Fear and Preaching: Part 2–Fearlessness and the Fear of God

The conclusion, when all has been heard, is: fear God and keep His commandments, because this applies to every person. For God will bring every act to judgment, everything which is hidden, whether it is good or evil.  (Ecclesiastes 12:13-14; NASB)

He was the greatest preacher I would ever hear… he was sure of it.  He walked into my advanced preaching class to deliver the greatest sermon any of us ever had, or ever would hear—and he failed.  Not only to live up to his own view of himself, but even to fulfill the requirements of the assignment.  When he found out he would have to re-preach his sermon, he nearly quit the class.  In that moment, he had to decide if he already knew it all, or needed something more.

Though fear can certainly have a negative impact on preachers (as I discussed in my previous article), so can the complete absence of fear… a reckless fearlessness.  These preachers are already legends in their own minds.  Rather than acknowledge their inabilities and depend upon God for empowerment, proud preachers presume upon God’s empowerment or ignore the need for it altogether.  Jim Shaddix finds this to be a gospel issue, noting that

when the preacher’s method of presentation or the way in which the human mind manages information is emphasized to such a degree that it overshadows the message itself, the preacher commits spiritual treason.[1]

In such recklessly fearless preaching, however bold it may seem, there is a contradiction between the gospel message, which denies the human ability to save ourselves in favor of dependence on the grace of God in Christ through faith, and the attitude of preachers who depend on their own eloquence to convert and sanctify others.

This kind of arrogance is wholly unjustified, and is nearly blasphemous. As God asked Job, “Have you commanded the morning, or caused the dawn to know its place” (Job 38:12)?  Likewise, it is not man, but only God who has the power to cause the light of the gospel to shine in the darkness of human hearts (2 Cor 4:6).  As long as such pride persists, the preacher stands under the curse of God, who decreed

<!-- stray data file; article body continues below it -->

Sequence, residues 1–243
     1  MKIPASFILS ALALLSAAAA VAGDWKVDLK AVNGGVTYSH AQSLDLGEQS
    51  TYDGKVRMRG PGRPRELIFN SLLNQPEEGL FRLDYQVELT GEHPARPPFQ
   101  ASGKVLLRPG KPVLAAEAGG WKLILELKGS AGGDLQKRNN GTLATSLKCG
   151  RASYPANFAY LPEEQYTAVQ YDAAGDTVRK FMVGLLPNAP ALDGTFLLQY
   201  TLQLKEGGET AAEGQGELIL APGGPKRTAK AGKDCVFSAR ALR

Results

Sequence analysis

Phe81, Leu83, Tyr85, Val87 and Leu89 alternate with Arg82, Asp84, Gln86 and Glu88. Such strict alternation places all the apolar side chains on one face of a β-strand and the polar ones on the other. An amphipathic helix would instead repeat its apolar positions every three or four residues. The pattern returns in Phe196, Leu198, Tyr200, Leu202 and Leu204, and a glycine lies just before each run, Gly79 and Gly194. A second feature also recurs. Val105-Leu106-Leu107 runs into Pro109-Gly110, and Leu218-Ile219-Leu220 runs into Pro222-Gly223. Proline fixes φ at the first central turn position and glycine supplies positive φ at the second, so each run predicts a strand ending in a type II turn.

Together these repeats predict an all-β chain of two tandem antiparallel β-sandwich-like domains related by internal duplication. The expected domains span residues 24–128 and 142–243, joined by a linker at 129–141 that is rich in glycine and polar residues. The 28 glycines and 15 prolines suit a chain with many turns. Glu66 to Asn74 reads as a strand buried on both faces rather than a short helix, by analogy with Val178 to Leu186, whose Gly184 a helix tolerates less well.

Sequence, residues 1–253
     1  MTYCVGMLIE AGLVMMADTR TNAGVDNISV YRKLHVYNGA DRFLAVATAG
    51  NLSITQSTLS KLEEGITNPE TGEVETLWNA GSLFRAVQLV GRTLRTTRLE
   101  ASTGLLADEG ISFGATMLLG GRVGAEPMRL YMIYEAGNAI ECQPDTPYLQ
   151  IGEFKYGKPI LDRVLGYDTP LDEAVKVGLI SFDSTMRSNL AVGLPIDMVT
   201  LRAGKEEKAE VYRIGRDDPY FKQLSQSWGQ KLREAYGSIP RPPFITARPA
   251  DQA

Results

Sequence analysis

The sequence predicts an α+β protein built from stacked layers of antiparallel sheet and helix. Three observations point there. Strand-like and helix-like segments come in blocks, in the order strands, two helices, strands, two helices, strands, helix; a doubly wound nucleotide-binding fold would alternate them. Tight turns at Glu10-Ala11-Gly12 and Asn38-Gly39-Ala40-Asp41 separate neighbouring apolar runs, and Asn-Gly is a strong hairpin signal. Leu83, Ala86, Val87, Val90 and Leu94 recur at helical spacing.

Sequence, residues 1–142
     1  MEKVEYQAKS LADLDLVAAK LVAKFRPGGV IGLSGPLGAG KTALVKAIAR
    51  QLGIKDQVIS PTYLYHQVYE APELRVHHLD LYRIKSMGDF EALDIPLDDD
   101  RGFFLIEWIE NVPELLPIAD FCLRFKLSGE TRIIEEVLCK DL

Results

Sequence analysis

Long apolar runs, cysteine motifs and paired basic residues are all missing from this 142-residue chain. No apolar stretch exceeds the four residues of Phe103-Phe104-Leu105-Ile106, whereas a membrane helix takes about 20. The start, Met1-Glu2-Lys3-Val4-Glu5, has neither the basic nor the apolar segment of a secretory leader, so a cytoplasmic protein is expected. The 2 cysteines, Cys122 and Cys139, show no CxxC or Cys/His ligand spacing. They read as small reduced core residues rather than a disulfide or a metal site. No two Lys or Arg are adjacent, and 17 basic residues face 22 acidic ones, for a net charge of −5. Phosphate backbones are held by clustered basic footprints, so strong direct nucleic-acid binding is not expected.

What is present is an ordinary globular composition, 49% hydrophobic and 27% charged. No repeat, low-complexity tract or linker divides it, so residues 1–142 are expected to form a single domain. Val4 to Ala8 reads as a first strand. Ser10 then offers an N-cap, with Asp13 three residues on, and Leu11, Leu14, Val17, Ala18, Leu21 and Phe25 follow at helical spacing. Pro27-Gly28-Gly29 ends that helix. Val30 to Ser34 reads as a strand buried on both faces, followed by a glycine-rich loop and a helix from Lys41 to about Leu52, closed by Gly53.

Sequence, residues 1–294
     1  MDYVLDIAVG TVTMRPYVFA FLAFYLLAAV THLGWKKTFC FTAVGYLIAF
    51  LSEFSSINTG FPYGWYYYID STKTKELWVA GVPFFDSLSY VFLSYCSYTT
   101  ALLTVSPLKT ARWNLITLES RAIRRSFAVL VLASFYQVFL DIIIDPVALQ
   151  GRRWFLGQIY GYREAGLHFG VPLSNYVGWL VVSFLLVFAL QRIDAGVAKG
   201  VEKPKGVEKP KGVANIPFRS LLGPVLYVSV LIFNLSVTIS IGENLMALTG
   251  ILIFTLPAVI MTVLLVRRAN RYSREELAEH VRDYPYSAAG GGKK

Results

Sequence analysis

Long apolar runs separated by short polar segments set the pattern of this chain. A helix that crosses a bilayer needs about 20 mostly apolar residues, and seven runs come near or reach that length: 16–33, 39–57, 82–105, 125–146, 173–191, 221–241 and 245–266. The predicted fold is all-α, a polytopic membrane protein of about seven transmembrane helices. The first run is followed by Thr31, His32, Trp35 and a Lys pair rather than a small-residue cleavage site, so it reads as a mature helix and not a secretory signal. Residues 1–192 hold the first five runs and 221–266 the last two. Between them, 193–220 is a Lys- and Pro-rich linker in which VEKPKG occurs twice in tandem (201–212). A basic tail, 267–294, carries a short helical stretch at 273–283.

Cursed is the man who trusts in mankind and makes flesh his strength, and whose heart turns away from the Lord. For he will be like a bush in the desert and will not see when prosperity comes, but will live in stony wastes in the wilderness, a land of salt without inhabitant.  (Jer 17:5-6; NASB)

The antidote to both fatal fears and foolish fearlessness is the fear of God.  God is worthy of be feared and held in awe, for it is He who spoke all things into existence (Gen 1; Ps 33:8-9). God is the judge of those who speak falsely (Prov19:5), and God is the judge of those who refuse to confess the truth (Ezekiel 33:8; 1 Cor 9:16).  In short, fear of God’s wrathful judgment and stern discipline puts the fear of men and the reckless fearlessness of self-sufficiency into proper perspective.  The one who truly fears God will not twist or pare down the message that God has given, nor “shrink from declaring to you the whole counsel of God” (Acts 20:27; ESV).  God will also judge those who do not believe in Christ (John 3:18).  This fear for others is part of what motivated Paul to persuade people to embrace the gospel (2 Cor 5:11).

Yet fear of God’s judgment is only part of what is meant by the command to “fear the Lord.”  This concept also includes a sense of awe at the unfathomable greatness of God.  The one who fears God in this way has started down the path of wisdom (Prov 9:10), and will find that fear of God unlocks the treasures of stability, salvation, wisdom, and knowledge (Isa 33:5; ESV).  Preachers should always be in awe of God’s ability and willingness to empower His preachers and speak through them (see John 14:26; Luke 12:11-12; 1 Cor 3:5-9).  When combined with an appropriate fear of God’s judgement and discipline, such fear of God will prevent the hearts of preachers from turning away from God (Jer 32:40).

Preachers may always feel a little nervousness at stepping into the pulpit.  Perhaps we always should.  But destructive fear and foolish fearlessness can be overcome when we see God for who He really is, and ourselves and our listeners for who we really are in light of His majesty and grace.


[1] Jim Shaddix, The Passion Driven Sermon: Changing the Way Pastors Preach and Congregations Listen (Nashville, TN: Broadman & Holman, 2003), 31.

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